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What benefits is Universal Credit replacing?

Universal Credit is gradually replacing certain benefits. If you currently receive one of those legacy benefits, you'll have to move onto Universal Credit by 2023. Find out which benefits Universal Credit is replacing.

Universal Credit is replacing the following six means-tested legacy benefits:

Most people are no longer able to make a new claim for legacy benefits and will need to apply for Universal Credit.

If you're currently claiming a legacy benefit, how and when you move to Universal Credit is determined by:

  • Whether you have to make a new claim because of a change in circumstances. This is known as natural migration to Universal Credit.
  • Nothing has changed, but the Department for Work and Pensions (DWP) have asked you to start claiming Universal Credit. This is called managed migration to Universal Credit.

If you would prefer, you can choose to apply for Universal Credit instead of your current legacy benefit. However, you will not be able to return to the benefit it is replacing.

What are the differences between Universal Credit and legacy benefits?

Universal Credit works differently from the legacy benefits. It is essential that you know the differences between them. The most significant differences are:

  • You can receive Universal Credit if you're either unemployed or employed.
  • A single payment is made monthly, rather than weekly or fortnightly.
  • Unlike housing benefit, your rent will be paid into your account as part of your monthly Universal Credit payment.

Moving to Universal Credit because your circumstances have changed

If you currently claim a legacy benefit but your work, home or family situation has changed, you might need to move on to Universal Credit - known as natural migration.

You should report a change in circumstances immediately. If you don't report a change and you're judged to have been paid too much, you will have to pay the money back in the future and may receive an additional penalty charge.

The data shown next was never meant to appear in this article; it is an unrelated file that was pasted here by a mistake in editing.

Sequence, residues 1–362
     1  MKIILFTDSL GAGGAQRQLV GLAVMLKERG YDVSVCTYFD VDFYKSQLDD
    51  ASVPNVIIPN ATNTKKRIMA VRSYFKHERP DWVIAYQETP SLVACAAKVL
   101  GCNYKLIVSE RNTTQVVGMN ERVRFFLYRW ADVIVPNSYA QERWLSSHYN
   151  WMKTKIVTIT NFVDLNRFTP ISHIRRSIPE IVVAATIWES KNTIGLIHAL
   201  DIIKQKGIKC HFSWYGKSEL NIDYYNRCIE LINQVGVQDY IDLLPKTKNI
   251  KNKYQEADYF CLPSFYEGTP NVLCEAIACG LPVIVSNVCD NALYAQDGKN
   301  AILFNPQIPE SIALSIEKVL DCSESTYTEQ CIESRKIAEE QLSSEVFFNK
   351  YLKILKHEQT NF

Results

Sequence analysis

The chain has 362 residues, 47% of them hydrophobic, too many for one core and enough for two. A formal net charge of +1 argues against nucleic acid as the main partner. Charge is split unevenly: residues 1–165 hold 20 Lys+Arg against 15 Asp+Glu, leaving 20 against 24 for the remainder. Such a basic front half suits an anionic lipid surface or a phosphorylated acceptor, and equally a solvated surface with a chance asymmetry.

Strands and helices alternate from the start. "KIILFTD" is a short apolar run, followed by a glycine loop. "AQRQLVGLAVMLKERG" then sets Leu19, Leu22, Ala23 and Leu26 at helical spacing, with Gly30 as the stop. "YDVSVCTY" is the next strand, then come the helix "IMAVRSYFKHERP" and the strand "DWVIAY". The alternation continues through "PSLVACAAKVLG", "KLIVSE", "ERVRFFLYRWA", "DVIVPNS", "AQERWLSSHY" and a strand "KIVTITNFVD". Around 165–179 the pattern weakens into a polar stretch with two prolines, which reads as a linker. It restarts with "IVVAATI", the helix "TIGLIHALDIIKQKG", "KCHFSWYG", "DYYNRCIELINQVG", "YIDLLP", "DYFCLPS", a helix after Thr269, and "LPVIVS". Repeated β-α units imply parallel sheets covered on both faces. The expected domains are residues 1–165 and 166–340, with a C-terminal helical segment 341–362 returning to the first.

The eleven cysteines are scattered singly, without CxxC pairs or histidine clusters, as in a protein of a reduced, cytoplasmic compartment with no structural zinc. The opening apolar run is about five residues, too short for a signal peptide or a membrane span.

A change in circumstances could be:

  • A partner leaves your household.
  • A partner joins your household.
  • You or your partner's employment status, such as starting a new job, or increasing or decreasing your hours.
  • You move house to a new local authority.
  • You start/stop becoming a carer.
  • You start/stop a claim based on a disability.

If you have to make a new claim for Universal Credit because of a change in circumstances, transitional protection is not available for you. This means you could receive more or less than you do with your legacy benefit.

Your old benefits will stop once you claim Universal Credit. If you currently claim Housing Benefit, Income Support, Income-based JSA or Income-related ESA you will recieve an additional two week payment at your current rate. 

Moving to Universal Credit if your circumstances don't change

If your circumstances haven't changed and you currently claim benefits which are being replaced by Universal Credit, the DWP will send you a letter called a Migration Notice, asking you to claim Universal Credit (UC) and you must claim UC by the deadline date on your Migration Notice letter.

This is known as managed migration to Universal Credit and is expected to start by November 2020 and completed by December 2023.

Transitional protection will be available to managed migration claimants. Universal Credit transitional protection is a top-up award which ensures you are not financially worse off when your benefits are moved onto Universal Credit.

If your Universal Credit payment is less than your current legacy benefit entitlement, you will automatically receive transitional protection to top up your Universal Credit.

How long will transitional protection payments last?

Transitional protection payments are not permanent. They can decrease or end if your Universal Credit entitlement increases. 

If you're eligible, your transitional protection payments will continue until: 

  • your Universal Credit entitlement is the same or more than your previous tax credits or benefits
  • you have a significant change of circumstances. 

To find out more about transitional payments visit the government's website

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